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Finding a job can almost feel like a job in itself. Today’s guest post focuses on what to do when no one wants to hire you.

No one wanted to hire me.

I applied for corporate jobs and minimum wage jobs, but I never heard back from anyone. I was scared and watched my bank account dwindle down with each passing month. I needed something FAST! I had panic attacks everyday. I was between jobs in the worst kind of way.

After 8 months, I eventually did land something and breathed a sigh of relief. But then a funny thing happened. After 3 months on the job, I started to get antsy again. I’d wake up every morning and say to myself, “This is it? There has to be something else out there.”

I still worked at that place for over a year, but still felt like I was between jobs. Maybe it’s because I have many interests—or a short attention span—I always seem to be on the lookout for the next move.

I guess you can say I’m always between jobs.

Many of us are between jobs in some way. Whether you’re in sheer panic mode, or just coasting along for your next move, here are 5 things you can do while you’re between jobs.


1. Teach yourself skills

I just read about a 17-year-old boy who built a mobile app that got the attention of Mark Zuckerberg and he’ll be interning at Facebook over the summer. How did this kid get started building apps? When he was 13, he taught himself coding with free online tutorials.

You don’t have to learn coding. In fact, I actually detest people who say, “Everyone should learn to code!” You don’t want me anywhere near your code.

Anyways, there are many in-demand skills that you can get the basics of for free online. Digital marketing, copywriting, video and sound editing, and design are just a few examples. I’ve actually landed interviews and jobs because of things I learned on my own time.

Oh yeah, there’s also a building called the library. I promise you’ll find lots of stuff there.

2. Start a business on the side

If you follow #1 it could also be the start of a neat little side business for some extra cash. Or you may already have something that lets you earn some money outside of your day job. But a side business could also turn into a new career on it’s own. This has happened to a few people I know and it’s happened to me recently.

My only regret is not starting sooner.

3. Explore different jobs

Pick 12 different careers that seem interesting. Then, for the next year spend a month immersed in each career. Read the top 2-3 books on it. Reach out to people working in those careers and get the low down on what it’s really like working those jobs. The next month, do the same for another career.

After a year, you’ll have “tried out” 12 different careers. You’ll also have a lot of great information and you’ll be able to make some educated next steps toward going after what you want.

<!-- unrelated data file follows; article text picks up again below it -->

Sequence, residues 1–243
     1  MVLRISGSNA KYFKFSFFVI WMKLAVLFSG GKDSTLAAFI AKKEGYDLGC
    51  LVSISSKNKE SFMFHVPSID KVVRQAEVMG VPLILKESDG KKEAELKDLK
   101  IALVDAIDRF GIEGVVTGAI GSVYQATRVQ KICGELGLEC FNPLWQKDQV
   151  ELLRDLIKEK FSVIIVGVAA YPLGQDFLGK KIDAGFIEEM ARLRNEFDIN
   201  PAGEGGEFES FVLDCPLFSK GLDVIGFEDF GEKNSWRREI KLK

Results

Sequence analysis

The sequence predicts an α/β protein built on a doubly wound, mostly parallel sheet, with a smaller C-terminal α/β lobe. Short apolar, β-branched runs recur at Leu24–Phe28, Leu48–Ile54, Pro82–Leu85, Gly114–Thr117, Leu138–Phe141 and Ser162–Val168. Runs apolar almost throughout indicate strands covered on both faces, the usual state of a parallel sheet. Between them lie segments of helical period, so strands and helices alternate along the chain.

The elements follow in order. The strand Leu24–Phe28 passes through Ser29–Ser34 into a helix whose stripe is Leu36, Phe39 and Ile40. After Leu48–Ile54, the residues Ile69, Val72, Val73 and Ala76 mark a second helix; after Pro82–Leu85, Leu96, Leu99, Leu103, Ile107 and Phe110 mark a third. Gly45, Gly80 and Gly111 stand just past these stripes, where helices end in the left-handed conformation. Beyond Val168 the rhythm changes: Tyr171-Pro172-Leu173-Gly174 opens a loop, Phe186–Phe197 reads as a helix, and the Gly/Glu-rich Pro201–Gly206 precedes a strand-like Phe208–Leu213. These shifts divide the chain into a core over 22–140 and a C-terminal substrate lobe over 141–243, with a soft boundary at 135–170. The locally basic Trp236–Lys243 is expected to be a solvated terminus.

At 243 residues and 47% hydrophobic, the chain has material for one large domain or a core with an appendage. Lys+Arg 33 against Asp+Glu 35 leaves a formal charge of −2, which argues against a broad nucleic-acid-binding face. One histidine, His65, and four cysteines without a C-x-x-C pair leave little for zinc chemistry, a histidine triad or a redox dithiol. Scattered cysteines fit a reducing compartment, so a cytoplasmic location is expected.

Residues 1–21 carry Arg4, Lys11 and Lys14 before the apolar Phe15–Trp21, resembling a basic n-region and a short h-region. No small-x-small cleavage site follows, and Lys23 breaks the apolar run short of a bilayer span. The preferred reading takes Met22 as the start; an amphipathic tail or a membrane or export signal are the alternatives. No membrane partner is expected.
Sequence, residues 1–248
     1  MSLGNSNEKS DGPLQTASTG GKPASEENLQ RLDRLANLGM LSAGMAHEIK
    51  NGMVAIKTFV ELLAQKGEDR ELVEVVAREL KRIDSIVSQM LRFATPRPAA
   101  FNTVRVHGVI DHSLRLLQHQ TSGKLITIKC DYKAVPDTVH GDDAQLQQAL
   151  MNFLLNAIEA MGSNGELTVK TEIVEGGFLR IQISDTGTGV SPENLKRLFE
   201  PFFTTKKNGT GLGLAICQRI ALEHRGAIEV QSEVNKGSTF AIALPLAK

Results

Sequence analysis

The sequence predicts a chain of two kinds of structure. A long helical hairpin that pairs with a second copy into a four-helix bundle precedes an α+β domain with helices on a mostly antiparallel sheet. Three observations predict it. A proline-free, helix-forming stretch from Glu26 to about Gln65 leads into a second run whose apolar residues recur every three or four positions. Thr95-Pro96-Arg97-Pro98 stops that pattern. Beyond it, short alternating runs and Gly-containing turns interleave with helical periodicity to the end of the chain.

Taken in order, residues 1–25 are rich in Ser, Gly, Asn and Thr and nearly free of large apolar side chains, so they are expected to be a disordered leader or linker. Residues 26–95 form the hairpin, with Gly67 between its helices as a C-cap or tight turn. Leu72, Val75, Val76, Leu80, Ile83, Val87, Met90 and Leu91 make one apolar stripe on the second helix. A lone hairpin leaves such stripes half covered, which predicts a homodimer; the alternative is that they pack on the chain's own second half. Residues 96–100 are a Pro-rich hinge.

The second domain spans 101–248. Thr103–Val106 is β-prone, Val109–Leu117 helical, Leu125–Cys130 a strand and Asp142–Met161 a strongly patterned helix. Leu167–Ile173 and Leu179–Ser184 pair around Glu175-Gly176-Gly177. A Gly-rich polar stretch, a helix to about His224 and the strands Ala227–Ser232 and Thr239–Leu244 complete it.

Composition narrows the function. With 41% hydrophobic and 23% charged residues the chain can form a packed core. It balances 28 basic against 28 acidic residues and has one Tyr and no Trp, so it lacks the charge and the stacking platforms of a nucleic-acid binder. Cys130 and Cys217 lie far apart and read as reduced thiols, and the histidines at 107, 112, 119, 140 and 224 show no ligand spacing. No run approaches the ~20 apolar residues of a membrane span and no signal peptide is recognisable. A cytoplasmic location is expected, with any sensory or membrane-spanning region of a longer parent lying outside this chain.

4. Learn something that has no practical value

If you find yourself gravitating toward something, but not sure if it’ll have any use in the real world, do it anyway. Steve Jobs learned about calligraphy in his days at Reed College just because it seemed interesting.

When he made the first Mac, he remembered his calligraphy class and made the first computer with beautiful typography and Windows followed step. If Steve Jobs never learned about calligraphy you’d probably be reading this post in some weird, 80s-computer-looking font.

You never know when something you learn will come in handy.

5. Stay healthy

All this career stuff can seem like the most important thing in the world at times. I’m not going to tell you it’s not important. But, also remember there are important things that don’t always seem so urgent. Health is one of them.

“I’ll focus on getting in shape once I get this career stuff sorted out,” I would always tell myself. That never happened and I packed on some pounds and always felt tired and sluggish.

When I started paying more attention to health I found I had more energy and focus to do the first 4 items on this list.

Joe Choi is a copywriter, golfer, and overall health fanatic. He once wrote and published a book called “Happy Foods” on a challenge in 11 days. He occasionally writes on elephant journal and Thought Catalog. He also shares his personal stories and experiences on his blog: fescuefairways.com. Connect with him on twitter @jchoi007

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I’m Jen Glantz. I’ve been a published writer for over 13 years, spilling my words into magazines (ranging from style to scuba diving), newspapers, websites and even this one time, a speech, for someone who didn’t speak a word of English. What drives my words, my site, my writing, is the power of relating to people. I find that many people, especially young girls, feel so alone and quite often they feel embarrassed. I want to shatter those feelings! I want them to read what I write and understand that it’s okay to be a little outside of the box, but most importantly, that it is okay to just be who they are.

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